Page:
O N L I N E
C O R P O R AT E B R O C H U R E
hen writing about ABB it is usually difficult to know where to start. The $30 billion power and automation group, with its Swiss origins, is as well known for its flat management and global communications as for its technology. And ABB Australia doesn’t make focusing any easier: with eye-catching contributions to the alternative energy, manufacturing and mining sectors as well as infrastructure of every description, ABB is nothing if not diverse. However, one recent project really pulls together ABB Australia’s capacity to wrap up planning, design, manufacturing, logistic and commissioning capabilities in delivering an extraordinary result for its client. When Queensland’s main power supply company CS Energy needed a new transformer for its 750MW coal fired Kogan Creek generating plant, it not only needed a reliable solution for a unit; it needed it really quickly, to meet time-critical operational requirements. This was a business-critical order and time was of the essence.
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ABB’s engineers quickly saw need for a design capable of meeting the challenging service conditions. They quickly came up with a robust solution, a purpose-built design to meet the needs of CS Energy. The client, aware that the normal lead time for a transformer of this size would normally be around eight months and extremely keen to get beyond the temporary measures it had to adopt to keep the plant running, took some convincing, says Julian Guild, ABB Australia’s sales manager for power transformers. “We talked to our transformer factory in Thailand and were able to get them to commit to three months ex-works, including design.” That in itself was a remarkable commitment, and very attractive to CS Energy, but as Guild points out, you’d normally have to add another four weeks to the lead time to ship such a transformer weighing over 60 tonnes to Australia—and on top of that you’d still have to allow time to deliver it to the site and install and commission it. The thinking caps went back on as ABB and CS Energy tried to figure out together how not to squander the
manufacturing time gain on logistics. They called on a specialist, Townley Group International (TGI) and between them came up with a plan to airfreight the transformer. That would potentially dwindle the delivery time to a couple of days, but there are not many aircraft that can carry a 60 tonne payload. However, TGI was able to arrange the charter of an Antonov An-225 strategic airlift aircraft. The fact that the only available slot was on Christmas Day was going to present some problems, but if it meant the transformer could be brought on stream before the end of the year, that would just have to be overcome. Convinced, CS Energy supplied ABB with a letter of intent in mid-September 2009, on the basis of which the project swung into gear. There’s no such thing as an off-the-shelf transformer, says Guild, and every one the factory near Bangkok produces is tailored to the specification of the client. However, there were some unusual needs in this case, related to the unusual method of delivery. “A transformer is essentially a pressure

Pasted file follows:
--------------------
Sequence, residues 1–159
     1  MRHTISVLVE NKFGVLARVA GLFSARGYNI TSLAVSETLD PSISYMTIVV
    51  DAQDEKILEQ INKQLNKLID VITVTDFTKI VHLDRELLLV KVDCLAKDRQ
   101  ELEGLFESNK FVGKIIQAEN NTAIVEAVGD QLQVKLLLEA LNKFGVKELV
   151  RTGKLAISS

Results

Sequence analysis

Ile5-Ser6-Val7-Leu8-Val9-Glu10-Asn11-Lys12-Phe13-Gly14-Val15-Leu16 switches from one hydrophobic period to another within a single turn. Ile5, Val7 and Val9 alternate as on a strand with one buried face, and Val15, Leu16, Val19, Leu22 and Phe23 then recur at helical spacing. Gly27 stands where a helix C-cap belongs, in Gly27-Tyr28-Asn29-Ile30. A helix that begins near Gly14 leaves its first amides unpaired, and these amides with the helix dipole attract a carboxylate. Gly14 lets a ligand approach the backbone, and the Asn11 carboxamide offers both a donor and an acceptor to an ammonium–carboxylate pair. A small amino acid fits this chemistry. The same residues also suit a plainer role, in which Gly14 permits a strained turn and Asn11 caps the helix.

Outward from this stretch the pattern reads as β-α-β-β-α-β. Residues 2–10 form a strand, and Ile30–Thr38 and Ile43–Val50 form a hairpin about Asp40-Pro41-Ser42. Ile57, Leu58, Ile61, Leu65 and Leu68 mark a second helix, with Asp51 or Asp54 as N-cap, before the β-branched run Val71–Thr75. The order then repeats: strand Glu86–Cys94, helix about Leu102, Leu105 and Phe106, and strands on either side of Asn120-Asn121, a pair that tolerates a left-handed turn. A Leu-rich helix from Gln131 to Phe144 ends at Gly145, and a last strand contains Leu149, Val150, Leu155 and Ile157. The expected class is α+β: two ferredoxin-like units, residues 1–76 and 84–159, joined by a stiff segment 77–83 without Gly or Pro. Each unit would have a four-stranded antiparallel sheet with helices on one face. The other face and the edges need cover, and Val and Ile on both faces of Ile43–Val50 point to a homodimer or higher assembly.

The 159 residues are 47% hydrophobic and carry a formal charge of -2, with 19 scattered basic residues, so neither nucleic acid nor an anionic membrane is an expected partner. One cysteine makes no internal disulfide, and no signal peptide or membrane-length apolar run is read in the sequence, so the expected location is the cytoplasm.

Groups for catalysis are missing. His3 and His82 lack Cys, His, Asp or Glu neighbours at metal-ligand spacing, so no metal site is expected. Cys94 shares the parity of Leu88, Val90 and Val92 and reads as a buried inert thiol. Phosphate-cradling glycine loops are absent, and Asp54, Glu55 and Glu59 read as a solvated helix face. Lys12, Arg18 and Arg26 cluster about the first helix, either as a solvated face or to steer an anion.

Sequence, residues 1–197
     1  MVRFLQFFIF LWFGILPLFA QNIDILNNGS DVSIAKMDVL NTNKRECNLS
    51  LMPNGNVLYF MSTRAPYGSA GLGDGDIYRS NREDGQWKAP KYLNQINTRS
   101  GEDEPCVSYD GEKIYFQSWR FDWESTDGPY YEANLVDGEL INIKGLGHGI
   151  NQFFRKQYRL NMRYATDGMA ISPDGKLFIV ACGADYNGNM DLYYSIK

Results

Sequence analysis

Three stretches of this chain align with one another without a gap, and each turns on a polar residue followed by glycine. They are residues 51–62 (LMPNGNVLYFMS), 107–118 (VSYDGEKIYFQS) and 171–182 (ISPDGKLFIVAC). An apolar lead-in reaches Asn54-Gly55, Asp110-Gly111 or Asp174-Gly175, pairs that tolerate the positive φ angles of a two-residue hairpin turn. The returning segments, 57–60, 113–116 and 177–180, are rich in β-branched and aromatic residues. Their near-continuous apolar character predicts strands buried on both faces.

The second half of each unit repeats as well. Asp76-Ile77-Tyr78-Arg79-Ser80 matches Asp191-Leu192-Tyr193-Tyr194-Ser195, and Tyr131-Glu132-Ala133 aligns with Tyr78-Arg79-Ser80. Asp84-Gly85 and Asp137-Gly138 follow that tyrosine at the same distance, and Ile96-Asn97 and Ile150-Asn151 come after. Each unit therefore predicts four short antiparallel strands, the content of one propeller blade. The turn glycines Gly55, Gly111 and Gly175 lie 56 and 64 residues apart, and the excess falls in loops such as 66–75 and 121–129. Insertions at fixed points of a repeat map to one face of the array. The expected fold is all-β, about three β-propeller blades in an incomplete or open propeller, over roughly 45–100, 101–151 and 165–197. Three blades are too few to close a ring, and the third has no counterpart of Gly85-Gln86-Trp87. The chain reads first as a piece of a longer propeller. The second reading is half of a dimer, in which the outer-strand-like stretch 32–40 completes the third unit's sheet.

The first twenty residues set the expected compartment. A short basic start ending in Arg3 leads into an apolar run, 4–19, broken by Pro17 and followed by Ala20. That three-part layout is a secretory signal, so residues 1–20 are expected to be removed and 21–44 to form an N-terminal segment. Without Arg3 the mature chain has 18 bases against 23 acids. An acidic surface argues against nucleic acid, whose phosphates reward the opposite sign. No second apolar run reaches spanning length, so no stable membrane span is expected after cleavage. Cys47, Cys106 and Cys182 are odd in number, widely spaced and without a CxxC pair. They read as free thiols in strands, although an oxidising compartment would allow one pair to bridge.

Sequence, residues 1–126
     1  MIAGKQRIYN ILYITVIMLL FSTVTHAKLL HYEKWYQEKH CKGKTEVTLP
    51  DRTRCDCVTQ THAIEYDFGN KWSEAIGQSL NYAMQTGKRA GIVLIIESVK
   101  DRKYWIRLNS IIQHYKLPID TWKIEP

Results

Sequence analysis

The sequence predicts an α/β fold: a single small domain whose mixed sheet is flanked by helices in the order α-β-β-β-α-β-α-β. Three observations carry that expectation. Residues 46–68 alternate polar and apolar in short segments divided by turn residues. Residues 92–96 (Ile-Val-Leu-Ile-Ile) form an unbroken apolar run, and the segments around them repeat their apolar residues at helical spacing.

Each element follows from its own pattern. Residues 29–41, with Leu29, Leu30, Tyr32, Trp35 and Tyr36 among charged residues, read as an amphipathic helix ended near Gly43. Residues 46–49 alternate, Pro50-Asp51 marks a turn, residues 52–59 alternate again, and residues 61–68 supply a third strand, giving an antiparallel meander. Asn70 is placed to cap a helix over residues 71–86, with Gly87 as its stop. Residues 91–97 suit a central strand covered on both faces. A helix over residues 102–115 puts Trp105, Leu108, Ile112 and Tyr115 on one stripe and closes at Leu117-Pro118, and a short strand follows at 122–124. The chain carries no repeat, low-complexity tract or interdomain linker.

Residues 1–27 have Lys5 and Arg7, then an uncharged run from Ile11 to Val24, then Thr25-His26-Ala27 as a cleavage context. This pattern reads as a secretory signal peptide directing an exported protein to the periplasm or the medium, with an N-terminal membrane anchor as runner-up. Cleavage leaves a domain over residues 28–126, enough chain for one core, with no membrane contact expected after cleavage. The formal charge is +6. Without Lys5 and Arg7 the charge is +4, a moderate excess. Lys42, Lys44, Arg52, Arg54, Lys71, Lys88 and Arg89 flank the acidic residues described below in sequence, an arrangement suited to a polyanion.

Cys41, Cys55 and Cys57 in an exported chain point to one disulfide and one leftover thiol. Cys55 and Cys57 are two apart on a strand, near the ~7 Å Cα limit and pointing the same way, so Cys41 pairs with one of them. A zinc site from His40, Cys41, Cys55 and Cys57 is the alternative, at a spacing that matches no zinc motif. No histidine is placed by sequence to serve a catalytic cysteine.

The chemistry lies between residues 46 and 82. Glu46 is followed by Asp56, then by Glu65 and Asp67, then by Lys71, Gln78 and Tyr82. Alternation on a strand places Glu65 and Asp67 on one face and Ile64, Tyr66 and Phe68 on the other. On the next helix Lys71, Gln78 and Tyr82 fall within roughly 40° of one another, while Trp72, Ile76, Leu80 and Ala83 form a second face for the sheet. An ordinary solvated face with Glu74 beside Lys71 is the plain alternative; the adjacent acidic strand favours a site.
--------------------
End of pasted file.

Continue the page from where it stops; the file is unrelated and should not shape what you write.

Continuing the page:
vessel; during transport you remove the mineral oil from it and fill it with dry nitrogen,” explains Guild. “But with the changes in altitude and therefore pressure, nitrogen is seen as a hazard: if it got out it could suffocate the entire aircrew! Very unusually, we had to keep the transformer ‘open’, so we fitted it with a dehydrating ‘breather’ which takes the moisture out of any air that goes into the tank. As soon as the plane landed we applied a vacuum to the transformer and refilled it with a dry inert gas ready for the road transport leg.” Working with Antonov engineers, the ABB design team fitted the transformer with anchor points aligned to the plane’s securing stations to ensure there was no chance of the load shifting in transit. The job required TGI to attend the loading in Thailand and supervise the road transport section up to the airport on Christmas Day: the aircraft touched down at 1500 hours on Boxing Day. The logistics and risk management involved made this a unique and outstanding project, says Guild. “To get the transformer to the airport on time, it was necessary to design and manufacture the transformer in less than half the normal period. Then we had to test it in the factory, pack it and prepare it for transport to meet a plane that had been scheduled two months previously! Between us we were able to coordinate that down to the minute.” After a six-hour road trip, the new transformer arrived at Kogan Creek and was installed during the holiday period—a critical operation, as Guild recalls: “Once it reached the site it had to be installed, something that normally takes a week or so; but we were able to do that in less than three days. We had three shifts working 24 hours a day between Christmas and New Year.” In the event, the handover took place towards midnight on New Year’s Eve—quite a tribute to the teams who redefined the term ‘unsociable hours’! The transformer has been fully operational since early January 2010; and Kogan Creek power station site manager Ivan Mapp was more than happy with ABB’s ability to deliver on time and on schedule: “We chose to work with ABB due to the expedience in lead time and their reputation within the industry. ABB offered a delivery time that was unmatched by any other competitor and we knew that they had the expertise and resources to deliver on what was promised.” www.abbaustralia.com.au
Published on Dec 6, 2010
Published on Dec 6, 2010
Businessexcellence C O R P O R AT E B R O C H U R E ONLINE ACHIEVING W As 2009 drew to a Queenslanders we Christmas break, A off a remarkabl...